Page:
Calcined clays are redefining the cement sector

Calcined clays are redefining the cement sector
30 October 2020

This week, Cemtech reviewed recent advances in clinker reduction technologies in its latest webinar. A top-quality line-up of leading experts saw Professor Karen Scrivener of EPFL, Joel Maia, CEO of FCT Combustion and Leo Fit, product manager of activated clays at thyssenkrupp Industrial Solutions (TKIS) outline how they see the future development of clinker reduction, from the introduction of LC3 cements to the different equipment required to calcinate clays and how to source the best clays for production.

Although Karen Scrivener began the presentations by explaining that Portland cement will still dominate cement production volumes for the foreseeable future, she described LC3 as "a breakthrough technology". While cementitious materials are not new for cement production, Professor Scrivener argued that the limited availability of slag and fly ash are directing cement producers towards the use of activated clays for lower clinker cements. "Calcined clay is the most available material in the quantities needed," she said.

Kaolin clays are paramount for calcined clay production
LC3 includes the use of suitable clays such as kaolin, illite and metakaolin that can be activated to become a reactive binder when blended with gypsum, limestone and clinker. Kaolinite will be the most suitable clay to use because each layer is built up of a silica and alumina content that is disrupted when heated and becomes available to react with limestone. The ideal kaolinite content is 40-60 per cent in calcined clay cements, said Professor Scrivener.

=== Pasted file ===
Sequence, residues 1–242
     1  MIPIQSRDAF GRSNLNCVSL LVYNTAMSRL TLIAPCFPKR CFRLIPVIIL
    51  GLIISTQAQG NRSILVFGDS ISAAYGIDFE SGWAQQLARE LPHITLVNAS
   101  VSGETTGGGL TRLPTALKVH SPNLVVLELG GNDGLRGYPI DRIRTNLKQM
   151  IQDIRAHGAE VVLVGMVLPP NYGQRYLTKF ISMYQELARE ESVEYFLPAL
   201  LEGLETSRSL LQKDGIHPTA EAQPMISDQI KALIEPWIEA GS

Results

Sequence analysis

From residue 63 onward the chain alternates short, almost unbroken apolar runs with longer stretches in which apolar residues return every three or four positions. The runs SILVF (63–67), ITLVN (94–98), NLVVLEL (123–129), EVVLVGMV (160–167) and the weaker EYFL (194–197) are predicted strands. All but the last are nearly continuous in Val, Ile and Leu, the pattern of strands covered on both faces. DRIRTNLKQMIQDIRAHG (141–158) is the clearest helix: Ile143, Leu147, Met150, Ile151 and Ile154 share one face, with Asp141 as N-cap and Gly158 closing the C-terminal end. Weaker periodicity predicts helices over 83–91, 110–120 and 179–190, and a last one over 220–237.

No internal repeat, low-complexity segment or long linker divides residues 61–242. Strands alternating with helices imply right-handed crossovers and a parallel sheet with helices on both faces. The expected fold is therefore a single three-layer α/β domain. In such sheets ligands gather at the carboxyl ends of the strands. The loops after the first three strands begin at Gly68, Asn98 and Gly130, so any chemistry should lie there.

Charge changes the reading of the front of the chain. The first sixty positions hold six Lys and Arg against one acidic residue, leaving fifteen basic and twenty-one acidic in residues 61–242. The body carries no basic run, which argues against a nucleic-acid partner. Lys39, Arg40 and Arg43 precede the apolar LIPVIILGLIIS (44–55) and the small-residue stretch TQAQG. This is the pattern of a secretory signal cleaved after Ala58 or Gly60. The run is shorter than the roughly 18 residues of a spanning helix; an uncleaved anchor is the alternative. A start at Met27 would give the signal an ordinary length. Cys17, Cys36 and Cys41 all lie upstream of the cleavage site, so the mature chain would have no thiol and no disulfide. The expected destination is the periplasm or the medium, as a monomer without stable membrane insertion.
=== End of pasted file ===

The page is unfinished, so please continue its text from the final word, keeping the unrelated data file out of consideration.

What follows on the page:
Such clays are widely available in China, southeast Asia, Africa and the Americas. Some of these regions are where population growth is expected to grow fastest during the 21st century. Tests have already shown that while calcined clay cements have a lower early 1-2 day strength than OPC, they overtake fly ash and slag cement strengths by seven days and have higher strength than Portland cements after 28 days.

The advantages of using calcined clays for cement production are many, including activation at lower temperatures than clinker producition, typically between 600-850˚C, the potential to use existing rotary kilns and easy colour control. Among the disadvantages are high energy consumption to dry material when using flash calcination, sourcing suitable clays near to existing cement plant locations, and ensuring good workability of LC3 cements and concretes.

Karen Scrivener referred to trials that have seen CO2 reduction of LC3 cements reach 475kg/t compared to 520kg/t for PPC and 695kg/t with OPC manufacture. She also highlighted that LC3 could take the clinker factor down below the 2009 roadmap forecast of 73 per cent to 60 per cent and even 45 per cent. “A 60 per cent clinker factor would give CO2 savings of 400Mt of CO2 per annum or 10 times the annual emissions of a country like Switzerland,” she said.